The great rewilding controversy: what does the buzzword of the moment really mean?

The word ‘rewilding’ has been on everyone’s lips recently, and not always in a positive way. Alan Titchmarsh is concerned that rewilding will be taken too literally and reduce our gardens to patches of nettles, while others believe that traditional gardening no longer has a place in our climate-changing world. Clare Foster explores what the term rewilding actually means to us as gardeners

'A Rewilding Britain Landscape’ by Urquhart & Hunt at Chelsea in 2022

Eva Nemeth

Rewilding was a term invented in the 1990s by American conservation scientists Michael Soulé and Reed Noss, who presented a landmark paper describing the scientific basis for rewilding as a response to biodiversity loss. Originally called ‘wilderness recovery’, it was a term used to describe large-scale conservation projects and had little relevance to domestic gardens. Today it is a buzzword used much more widely, brought to the public’s attention at the RHS Chelsea Flower Show in 2022 when garden designers Urquhart and Hunt won Best in Show for their A Rewilding Britain Landscape garden. ‘Rewilding in its strictest sense means allowing nature to go back to its natural, dynamic self,’ explains Lulu Urquhart. ‘This requires the presence of keystone animals – both predators and herbivores – species that have such a significant impact on the ecosystem that a myriad of life can thrive.’

On a domestic garden scale, ecologists are encouraging us to leave our lawns unmown and to create as much biodiversity in our gardens as possible. A spokesperson for the charity Rewilding Britain says: ‘If people want to play their part by creating wilder gardens and enjoy the benefits of bringing more nature into their lives, that should be welcomed. Simple actions – such as leaving a messy area, putting in a pond, letting wildflowers grow, easing up on the mowing, planting with nature in mind – can make a big difference, and can work well alongside traditional gardening. We all need to be standing fast against the damage caused by plastic grass, garden chemicals, use of peat, over-mowing, and excessive hard-landscaping of gardens.’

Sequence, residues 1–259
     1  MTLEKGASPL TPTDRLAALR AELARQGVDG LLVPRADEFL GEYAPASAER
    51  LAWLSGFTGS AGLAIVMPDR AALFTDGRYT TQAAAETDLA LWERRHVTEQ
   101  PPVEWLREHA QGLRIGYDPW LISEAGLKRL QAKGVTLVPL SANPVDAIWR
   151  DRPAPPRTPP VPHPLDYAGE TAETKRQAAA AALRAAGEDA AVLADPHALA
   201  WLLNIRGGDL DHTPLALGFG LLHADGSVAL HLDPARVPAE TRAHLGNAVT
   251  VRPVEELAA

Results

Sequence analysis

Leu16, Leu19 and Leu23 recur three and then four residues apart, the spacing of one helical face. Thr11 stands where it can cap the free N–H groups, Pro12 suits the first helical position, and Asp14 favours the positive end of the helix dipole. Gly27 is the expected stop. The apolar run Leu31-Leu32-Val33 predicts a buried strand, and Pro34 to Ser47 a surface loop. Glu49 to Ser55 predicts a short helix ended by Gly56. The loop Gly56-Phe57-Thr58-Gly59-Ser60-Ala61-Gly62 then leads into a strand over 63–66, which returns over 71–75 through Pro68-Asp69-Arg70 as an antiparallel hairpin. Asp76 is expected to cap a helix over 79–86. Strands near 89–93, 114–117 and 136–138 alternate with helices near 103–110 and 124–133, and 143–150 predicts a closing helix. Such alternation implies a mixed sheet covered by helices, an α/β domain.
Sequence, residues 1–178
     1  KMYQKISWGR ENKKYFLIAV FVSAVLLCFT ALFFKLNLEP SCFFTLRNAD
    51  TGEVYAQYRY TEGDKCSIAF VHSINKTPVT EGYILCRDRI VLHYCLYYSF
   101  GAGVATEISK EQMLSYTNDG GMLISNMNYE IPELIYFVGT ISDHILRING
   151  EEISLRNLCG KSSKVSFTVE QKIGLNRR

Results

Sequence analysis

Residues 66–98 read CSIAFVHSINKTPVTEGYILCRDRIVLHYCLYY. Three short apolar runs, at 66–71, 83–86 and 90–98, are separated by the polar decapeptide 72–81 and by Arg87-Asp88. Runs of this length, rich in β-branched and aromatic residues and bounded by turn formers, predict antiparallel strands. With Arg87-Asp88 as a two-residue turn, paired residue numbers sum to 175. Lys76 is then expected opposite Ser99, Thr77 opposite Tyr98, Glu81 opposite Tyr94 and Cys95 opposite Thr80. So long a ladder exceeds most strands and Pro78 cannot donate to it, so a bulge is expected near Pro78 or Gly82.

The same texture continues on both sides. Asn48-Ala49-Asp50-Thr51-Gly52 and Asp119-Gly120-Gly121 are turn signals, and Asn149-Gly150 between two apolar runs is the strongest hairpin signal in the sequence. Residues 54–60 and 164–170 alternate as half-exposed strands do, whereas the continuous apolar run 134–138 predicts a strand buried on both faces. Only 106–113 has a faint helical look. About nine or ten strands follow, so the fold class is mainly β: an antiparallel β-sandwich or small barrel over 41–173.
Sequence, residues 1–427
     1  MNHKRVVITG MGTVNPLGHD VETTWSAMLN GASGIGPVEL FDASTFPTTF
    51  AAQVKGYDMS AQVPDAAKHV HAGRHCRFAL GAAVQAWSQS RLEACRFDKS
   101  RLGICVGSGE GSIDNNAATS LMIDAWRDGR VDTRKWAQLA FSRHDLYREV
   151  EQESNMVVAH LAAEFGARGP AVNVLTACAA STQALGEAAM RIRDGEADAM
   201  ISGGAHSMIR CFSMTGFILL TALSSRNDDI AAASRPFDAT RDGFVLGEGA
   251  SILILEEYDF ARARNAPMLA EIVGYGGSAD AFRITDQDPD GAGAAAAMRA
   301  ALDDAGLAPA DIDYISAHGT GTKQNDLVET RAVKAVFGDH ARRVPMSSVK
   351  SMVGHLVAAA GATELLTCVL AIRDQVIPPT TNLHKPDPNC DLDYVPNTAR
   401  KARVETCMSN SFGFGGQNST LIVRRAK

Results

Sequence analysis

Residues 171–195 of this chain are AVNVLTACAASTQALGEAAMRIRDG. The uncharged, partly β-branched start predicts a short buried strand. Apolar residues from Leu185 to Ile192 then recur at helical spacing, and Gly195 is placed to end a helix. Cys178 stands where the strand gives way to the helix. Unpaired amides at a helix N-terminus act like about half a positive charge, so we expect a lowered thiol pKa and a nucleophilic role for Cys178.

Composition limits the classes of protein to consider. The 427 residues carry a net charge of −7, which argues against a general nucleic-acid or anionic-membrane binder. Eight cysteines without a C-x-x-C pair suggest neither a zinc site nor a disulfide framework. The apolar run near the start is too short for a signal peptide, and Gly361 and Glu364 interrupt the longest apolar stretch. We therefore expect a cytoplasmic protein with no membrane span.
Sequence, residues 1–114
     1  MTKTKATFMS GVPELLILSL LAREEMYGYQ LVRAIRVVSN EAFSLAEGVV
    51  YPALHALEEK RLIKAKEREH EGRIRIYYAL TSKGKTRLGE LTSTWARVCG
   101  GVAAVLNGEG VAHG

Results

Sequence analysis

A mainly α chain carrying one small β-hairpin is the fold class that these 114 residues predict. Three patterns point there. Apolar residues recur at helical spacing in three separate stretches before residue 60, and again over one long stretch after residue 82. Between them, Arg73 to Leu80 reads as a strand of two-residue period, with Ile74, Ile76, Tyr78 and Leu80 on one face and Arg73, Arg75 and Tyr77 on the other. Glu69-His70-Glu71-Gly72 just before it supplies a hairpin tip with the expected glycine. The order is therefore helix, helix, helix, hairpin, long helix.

Charlie and Isabella Tree on their estate at Knepp

Dean Hearne

However, certain people in the garden world are anxious that the rewilding trend will reduce our precious ornamental gardens to a mess of nettles and brambles. Celebrity gardener Alan Titchmarsh has openly criticised judges at Chelsea for giving out top awards to rewilded gardens and, more recently, he has contributed to a House of Lords investigation into rewilding, warning that ‘a fashionable and ill-considered trend’ could be ‘catastrophic for wildlife’ and ‘deplete our gardens of their botanical riches’. But perhaps he is taking the rewilding concept too literally. ‘There’s a common misconception that it’s about doing nothing, “letting nature take over”,’ writes rewilding pioneer Isabella Tree in a recent article for The Guardian. ‘But turning your back on a garden is not the way to improve it for wildlife. A garden is only complex and species-rich because of the interventions of the gardener.’